Sure, tech’s big stories of 2013 were mostly bad. Wearing Google Glass, it turns out, makes a person look like a gigantic fucking douchebag. I don’t think that such a fact damns an entire year, though. Isn’t technology supposed to embrace risk and failure? Good-faith failure is a sign of a good thing– experimentation. (I’m still disgusted by all the bad-faith failure out there, but that should surprise no one.) The good-faith failures that occur are signs of a process that works. What about the bad-faith ones? Let’s just hope they will inspire people to fix a few problems, or just one big problem: our leadership.
On that, late 2013 seems to have been the critical point in which we, as a technical community, lost faith in the leaders of our ecosystem: the venture capitalists and corporate executives who’ve claimed for decades to be an antidote to the centuries-old tension between capitalist and laborer, and who’ve proven no better (and, in so many ways, worse) than the old-style industrialists of yore. Silicon Valley exceptionalism is disappearing as an intellectually defensible position. The Silicon Valley secessionists and Sand Hill Road neofeudalists no longer look like visionaries to us; they look like sad, out-of-touch, privileged men abusing a temporary relevance, and losing it quickly through horrendous public behavior. The sad truth about this is that it will hurt the rest of us– those who are still coming up in technology– far more than it hurts them.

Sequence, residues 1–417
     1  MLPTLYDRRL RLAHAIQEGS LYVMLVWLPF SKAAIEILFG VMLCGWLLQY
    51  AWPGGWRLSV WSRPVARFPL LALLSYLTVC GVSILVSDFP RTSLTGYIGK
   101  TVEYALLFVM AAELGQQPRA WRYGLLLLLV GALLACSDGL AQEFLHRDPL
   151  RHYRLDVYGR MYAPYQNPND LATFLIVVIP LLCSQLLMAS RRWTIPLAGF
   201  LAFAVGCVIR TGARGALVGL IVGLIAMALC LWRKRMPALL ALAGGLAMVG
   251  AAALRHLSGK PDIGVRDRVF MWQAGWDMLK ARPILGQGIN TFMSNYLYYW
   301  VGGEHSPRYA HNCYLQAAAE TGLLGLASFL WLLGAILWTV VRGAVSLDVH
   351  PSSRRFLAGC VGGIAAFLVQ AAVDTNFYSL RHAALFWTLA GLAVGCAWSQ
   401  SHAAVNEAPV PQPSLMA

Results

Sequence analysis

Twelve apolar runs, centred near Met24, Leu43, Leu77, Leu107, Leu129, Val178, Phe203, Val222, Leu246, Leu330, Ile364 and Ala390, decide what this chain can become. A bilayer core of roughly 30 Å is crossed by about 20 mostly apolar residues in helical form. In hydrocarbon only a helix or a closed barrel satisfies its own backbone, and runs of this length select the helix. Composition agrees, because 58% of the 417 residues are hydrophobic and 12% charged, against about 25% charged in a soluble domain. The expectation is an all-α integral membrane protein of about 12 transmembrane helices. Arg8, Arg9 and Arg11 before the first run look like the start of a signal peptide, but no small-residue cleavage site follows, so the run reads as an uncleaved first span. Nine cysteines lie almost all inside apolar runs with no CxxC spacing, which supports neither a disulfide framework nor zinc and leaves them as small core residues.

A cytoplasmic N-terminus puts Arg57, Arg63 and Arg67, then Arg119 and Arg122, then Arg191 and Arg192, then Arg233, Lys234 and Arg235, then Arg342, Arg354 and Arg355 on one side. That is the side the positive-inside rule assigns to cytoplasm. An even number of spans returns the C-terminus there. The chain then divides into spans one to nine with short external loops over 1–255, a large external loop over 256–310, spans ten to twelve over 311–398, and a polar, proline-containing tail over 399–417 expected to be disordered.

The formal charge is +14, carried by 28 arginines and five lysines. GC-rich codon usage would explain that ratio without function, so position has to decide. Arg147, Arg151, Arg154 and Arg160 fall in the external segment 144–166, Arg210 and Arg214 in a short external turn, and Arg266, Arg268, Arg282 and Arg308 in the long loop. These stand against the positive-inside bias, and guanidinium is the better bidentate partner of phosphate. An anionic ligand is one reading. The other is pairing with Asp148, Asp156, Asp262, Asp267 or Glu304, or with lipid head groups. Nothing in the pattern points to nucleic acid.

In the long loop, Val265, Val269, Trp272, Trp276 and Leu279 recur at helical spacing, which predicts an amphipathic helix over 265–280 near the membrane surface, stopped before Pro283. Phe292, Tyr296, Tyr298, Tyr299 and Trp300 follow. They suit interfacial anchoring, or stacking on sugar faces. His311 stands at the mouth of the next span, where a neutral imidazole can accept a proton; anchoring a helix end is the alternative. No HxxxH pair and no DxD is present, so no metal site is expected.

This loss of faith in our gods is, however, a good thing in the long run. Individually, none of us among the top 50,000 or so technologists in the U.S. has substantial power. If one of us objects to the state of things, there are 49,999 others who can replace us. As a group, though, we set the patterns. Who made Silicon Valley? We did, forty years ago, when it was a place where no one else wanted to live. We make and, when we lose faith, we unmake.
Progress is incremental and often silent. The people who do most of the work do least of the shouting. The celebrity culture that grows up around “tech” whenever there is a bubble has, in truth, little to do with whether our society can meet the technology challenges that the 2010s, ’20s, and onward will throw at us.
None of this nonsense will matter, ten years from now. Evan Spiegel, Sean Parker, Greg Gopman, and Adria Richards are names we will not have cause to remember by December 26, 2023. The current crop of VC-funded cool kids will be a bunch of sad, middle-aged wankers drinking to remember their short bursts of relevance. But the people who’ve spent the ten years between now and then continually building will, most likely, be better off then than now. Incremental progress. Hard work. True experimentation and innovation. That’s how technology is supposed to work. Very little of this will be covered by whatever succeeds TechCrunch.
Everything that happened in technology in 2013, and much of it was distasteful, is just part of a longer-running process. It was not a wasted year. It was a hard one for morale, but sometimes a morale problem is necessary to make things better. Perhaps we will wake up to the uselessness of the corporatists who have declared themselves our leaders, and do something about that problem.
So, I say, as always: long live technology.